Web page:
What kind of times are they, when
A talk about trees is almost a crime
Because it implies silence about so many horrors?

We live in an age where the default collection from the end of the last century, with its poems about uncomplicated landscapes or small, personal epiphanies, would feel equally uncomfortable. Who can write about a tree now without acknowledging ecocide? Who can write about their holiday without thinking of privilege, borders, carbon footprints? Paul Farley’s The Mizzy channels John Clare, but even a small poem about a goldcrest ends with us caught in the ‘simple trap’ of money.

It is also apparent that collections containing long sequences are dominating lists. Just a few years ago I was chatting to other editors about the increasing irrelevancy of the standard 64-page collection, now that readers can share so many individual poems online, and cheap, attractive pamphlets are easy to produce. But collections seem relevant again, having reinvented themselves as cohesive sequences in which poets can go more deeply into their subject. Whilst Philip Larkin treated collections: ‘like a music-hall bill: you know, contrast, difference in length, the comic, the Irish tenor, bring on the girls’, many books on this year’s shortlists give the reader an experience more akin to a novella.

In Karen Solie’s The Caiplie Caves the relationship between humanity and nature is explored through the ghost of a seventh-century hermit called Ethernan; Fiona Benson’s taut sequence figures Zeus as a serial-rapist; Vidyan Ravinthiran’s The Million-petalled Flower of Being Here containa generous sonnet-cycle that explores love and race in Brexit Britain; Jay Bernard’s Surge traces links through black history between the New Cross Fire in 1981 and the Grenfell tragedywhilst Ilya Kaminsky’s Deaf Republic is a fable about resistance and silence. In very different ways each absolutely captures our political moment.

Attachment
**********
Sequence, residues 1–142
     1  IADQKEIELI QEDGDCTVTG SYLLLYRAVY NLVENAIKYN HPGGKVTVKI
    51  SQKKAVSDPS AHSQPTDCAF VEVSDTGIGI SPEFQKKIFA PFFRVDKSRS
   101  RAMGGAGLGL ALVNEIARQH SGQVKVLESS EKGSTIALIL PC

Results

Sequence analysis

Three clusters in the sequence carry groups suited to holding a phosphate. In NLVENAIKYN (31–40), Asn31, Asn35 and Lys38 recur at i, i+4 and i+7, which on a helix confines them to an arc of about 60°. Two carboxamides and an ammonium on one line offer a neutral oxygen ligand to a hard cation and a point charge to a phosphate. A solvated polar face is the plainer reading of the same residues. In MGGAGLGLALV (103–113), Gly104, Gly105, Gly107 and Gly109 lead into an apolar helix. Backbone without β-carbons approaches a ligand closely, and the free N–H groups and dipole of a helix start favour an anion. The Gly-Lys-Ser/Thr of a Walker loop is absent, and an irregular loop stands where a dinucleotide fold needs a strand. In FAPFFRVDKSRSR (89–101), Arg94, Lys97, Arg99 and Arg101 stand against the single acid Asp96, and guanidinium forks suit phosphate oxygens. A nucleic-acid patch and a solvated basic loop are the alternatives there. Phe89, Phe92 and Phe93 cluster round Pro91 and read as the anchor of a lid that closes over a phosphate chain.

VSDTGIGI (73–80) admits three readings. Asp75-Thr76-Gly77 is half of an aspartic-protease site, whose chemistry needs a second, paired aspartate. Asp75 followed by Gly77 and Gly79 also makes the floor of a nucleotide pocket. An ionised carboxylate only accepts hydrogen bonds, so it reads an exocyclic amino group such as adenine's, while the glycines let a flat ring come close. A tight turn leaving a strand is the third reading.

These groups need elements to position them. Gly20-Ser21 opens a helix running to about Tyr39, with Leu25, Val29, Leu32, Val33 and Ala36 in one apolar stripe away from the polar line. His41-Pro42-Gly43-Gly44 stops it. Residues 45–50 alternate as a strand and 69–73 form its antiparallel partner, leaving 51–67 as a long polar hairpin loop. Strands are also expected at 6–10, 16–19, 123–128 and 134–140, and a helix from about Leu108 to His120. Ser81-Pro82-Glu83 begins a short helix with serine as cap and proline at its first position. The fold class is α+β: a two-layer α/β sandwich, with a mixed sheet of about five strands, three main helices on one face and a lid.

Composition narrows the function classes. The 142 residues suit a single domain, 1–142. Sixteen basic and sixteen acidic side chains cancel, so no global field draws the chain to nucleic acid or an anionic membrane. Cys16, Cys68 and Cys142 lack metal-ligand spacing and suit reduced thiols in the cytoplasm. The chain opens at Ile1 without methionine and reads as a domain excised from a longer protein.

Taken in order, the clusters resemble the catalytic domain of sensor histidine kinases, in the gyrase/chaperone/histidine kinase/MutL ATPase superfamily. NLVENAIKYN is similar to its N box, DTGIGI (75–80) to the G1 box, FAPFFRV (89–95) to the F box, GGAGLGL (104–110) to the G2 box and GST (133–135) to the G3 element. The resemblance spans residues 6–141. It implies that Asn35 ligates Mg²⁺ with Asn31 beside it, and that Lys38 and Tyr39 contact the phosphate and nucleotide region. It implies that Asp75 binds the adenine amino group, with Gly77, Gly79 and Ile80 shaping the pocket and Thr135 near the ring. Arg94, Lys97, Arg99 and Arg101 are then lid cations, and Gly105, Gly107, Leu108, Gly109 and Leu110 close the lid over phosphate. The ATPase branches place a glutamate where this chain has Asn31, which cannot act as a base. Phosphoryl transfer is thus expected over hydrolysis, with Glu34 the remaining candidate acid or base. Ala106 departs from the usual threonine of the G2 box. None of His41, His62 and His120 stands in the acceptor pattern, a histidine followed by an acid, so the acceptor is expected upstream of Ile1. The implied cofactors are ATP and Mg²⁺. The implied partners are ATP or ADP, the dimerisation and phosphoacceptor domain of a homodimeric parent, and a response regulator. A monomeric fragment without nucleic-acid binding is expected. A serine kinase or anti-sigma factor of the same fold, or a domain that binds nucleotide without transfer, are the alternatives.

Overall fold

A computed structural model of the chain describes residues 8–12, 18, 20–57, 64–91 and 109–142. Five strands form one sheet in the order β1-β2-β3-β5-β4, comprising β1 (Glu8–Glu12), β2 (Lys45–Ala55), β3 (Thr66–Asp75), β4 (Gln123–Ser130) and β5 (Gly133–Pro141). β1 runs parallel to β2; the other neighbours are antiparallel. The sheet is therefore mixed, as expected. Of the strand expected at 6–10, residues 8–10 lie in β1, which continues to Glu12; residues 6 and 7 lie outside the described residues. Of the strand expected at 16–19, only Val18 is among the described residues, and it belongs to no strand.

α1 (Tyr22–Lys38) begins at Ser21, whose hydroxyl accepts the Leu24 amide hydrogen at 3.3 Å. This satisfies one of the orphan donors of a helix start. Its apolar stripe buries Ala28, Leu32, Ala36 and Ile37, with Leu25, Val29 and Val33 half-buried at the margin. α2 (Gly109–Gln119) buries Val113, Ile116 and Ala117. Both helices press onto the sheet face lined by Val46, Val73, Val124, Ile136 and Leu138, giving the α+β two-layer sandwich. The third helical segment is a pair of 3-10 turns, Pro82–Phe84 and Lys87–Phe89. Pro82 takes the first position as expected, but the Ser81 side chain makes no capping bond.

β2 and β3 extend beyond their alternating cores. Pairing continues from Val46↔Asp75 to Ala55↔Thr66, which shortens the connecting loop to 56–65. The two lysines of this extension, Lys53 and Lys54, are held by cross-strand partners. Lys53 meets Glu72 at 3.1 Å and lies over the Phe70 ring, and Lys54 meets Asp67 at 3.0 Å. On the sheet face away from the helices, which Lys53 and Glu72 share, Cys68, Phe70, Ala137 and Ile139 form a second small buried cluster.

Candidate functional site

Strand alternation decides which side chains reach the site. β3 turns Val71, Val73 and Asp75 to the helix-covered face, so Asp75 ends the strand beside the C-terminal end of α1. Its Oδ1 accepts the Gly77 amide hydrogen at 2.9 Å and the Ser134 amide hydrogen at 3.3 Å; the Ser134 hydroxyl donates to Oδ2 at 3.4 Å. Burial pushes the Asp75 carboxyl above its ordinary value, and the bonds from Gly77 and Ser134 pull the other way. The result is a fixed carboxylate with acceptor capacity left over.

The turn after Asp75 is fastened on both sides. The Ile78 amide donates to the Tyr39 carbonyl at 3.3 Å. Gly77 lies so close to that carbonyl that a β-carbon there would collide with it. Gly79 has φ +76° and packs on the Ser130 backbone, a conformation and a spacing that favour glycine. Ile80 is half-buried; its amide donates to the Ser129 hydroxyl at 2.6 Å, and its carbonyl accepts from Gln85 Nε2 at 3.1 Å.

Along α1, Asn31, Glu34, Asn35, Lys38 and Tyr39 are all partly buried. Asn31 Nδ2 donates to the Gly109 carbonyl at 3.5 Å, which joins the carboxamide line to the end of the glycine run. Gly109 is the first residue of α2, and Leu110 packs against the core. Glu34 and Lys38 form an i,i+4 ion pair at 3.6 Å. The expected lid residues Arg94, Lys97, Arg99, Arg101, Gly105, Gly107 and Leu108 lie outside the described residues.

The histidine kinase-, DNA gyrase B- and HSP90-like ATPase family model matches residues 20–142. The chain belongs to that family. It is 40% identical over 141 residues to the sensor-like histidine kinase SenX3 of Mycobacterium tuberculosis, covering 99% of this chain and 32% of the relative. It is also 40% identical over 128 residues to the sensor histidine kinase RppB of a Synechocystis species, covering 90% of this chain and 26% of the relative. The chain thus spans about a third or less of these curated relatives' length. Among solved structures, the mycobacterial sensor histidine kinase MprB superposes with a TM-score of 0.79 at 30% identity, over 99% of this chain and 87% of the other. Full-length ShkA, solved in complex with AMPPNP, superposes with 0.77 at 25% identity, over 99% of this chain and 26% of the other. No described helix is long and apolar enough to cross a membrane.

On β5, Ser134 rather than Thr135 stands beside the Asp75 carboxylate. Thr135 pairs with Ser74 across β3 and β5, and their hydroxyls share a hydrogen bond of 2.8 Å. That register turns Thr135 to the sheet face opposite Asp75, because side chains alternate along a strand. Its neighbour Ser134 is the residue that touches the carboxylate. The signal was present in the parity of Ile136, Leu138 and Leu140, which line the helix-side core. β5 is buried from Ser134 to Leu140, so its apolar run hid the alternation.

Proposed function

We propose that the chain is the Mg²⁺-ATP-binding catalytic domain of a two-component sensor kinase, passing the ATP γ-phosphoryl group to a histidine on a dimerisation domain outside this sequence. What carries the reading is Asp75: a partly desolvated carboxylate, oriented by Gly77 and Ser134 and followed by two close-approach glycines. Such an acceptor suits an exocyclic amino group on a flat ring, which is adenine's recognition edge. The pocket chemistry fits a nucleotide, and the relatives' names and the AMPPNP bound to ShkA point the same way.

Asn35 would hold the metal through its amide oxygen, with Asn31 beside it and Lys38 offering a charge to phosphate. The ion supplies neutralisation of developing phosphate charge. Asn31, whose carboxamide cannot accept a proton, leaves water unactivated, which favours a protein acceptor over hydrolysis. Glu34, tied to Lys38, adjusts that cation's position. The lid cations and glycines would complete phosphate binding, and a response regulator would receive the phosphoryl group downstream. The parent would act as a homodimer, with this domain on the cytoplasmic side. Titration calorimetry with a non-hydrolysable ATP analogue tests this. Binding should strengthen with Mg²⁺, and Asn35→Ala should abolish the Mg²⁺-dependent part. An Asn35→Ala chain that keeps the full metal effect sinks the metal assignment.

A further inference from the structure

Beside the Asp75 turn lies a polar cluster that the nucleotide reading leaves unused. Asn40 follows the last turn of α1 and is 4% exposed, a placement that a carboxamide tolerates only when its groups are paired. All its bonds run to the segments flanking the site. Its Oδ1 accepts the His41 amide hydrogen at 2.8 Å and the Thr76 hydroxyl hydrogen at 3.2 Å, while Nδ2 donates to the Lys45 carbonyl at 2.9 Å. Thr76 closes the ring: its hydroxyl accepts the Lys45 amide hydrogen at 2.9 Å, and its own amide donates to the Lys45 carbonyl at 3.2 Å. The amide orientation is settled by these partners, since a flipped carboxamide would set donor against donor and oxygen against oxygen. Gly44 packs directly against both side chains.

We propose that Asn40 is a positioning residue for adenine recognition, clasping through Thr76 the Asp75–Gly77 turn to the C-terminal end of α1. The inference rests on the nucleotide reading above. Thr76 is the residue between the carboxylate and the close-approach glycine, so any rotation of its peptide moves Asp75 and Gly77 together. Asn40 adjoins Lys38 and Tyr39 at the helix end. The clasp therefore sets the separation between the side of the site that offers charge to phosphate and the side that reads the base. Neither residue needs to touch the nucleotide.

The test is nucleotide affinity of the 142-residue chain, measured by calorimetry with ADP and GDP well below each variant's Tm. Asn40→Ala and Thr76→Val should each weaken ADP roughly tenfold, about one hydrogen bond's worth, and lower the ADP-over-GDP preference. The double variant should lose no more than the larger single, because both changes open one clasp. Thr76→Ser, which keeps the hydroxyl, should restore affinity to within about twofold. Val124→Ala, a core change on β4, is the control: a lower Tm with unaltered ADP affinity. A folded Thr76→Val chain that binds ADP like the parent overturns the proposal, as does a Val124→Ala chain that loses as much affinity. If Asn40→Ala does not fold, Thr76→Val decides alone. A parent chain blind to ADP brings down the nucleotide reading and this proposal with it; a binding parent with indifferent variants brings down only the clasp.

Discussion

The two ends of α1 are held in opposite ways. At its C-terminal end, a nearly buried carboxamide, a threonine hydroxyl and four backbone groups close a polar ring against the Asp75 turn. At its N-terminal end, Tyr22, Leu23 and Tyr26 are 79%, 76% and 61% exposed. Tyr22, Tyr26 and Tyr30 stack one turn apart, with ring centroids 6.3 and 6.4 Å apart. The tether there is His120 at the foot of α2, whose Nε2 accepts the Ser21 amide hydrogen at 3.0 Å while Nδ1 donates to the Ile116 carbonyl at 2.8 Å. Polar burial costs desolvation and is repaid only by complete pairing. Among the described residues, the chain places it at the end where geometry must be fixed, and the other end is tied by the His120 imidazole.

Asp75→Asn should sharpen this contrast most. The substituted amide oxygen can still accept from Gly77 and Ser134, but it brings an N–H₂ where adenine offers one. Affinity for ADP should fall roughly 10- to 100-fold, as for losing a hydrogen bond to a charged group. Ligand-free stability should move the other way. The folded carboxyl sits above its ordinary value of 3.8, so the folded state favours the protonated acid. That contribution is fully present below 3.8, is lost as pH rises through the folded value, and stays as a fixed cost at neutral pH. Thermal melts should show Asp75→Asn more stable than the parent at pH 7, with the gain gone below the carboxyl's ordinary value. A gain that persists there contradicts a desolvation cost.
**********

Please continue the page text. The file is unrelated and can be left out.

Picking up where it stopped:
This year has also reminded us that whilst increased diversity amongst emerging poets is being celebrated, we must also lift up existing poets who have been underrated, or who have worked hard clearing the way. It’s wonderful to see Roger Robinson (and Peepal Tree) finally getting some of the attention deserved in the UK for his powerful collection A Portable Paradise.

It’s also pleasing to see Deryn Rees-Jones on the T. S. Eliot Prize shortlist, a poet who has built such a strong female list at Pavilion, along with Anthony Anaxagorou, founder of Out-Spoken Press, which aims to challenge the lack of diversity in British publishing. Not to mention Sharon Olds, who was writing trailblazing motherhood poems when the current wave of poets writing about motherhood were still in nappies (and, elsewhere, the poetry world was thrilled to see Bernardine Evaristo, founder of the Brunel International African Poetry Prize and The Complete Works, win the Booker!)

So, a year for shoring up our strengths and singing in the dark, though sometimes it must be admitted that, for this reader at least, the surfeit of talent feels almost too lucky. In Kaminsky’s words: ‘we (forgive us) // lived happily during the war.’

Clare Pollard is a poet and editor of Modern Poetry in Translation, and was a 2018

T. S. Eliot Prize judge.

Photo credit Marcos Avlonitis

Clare Pollard’s website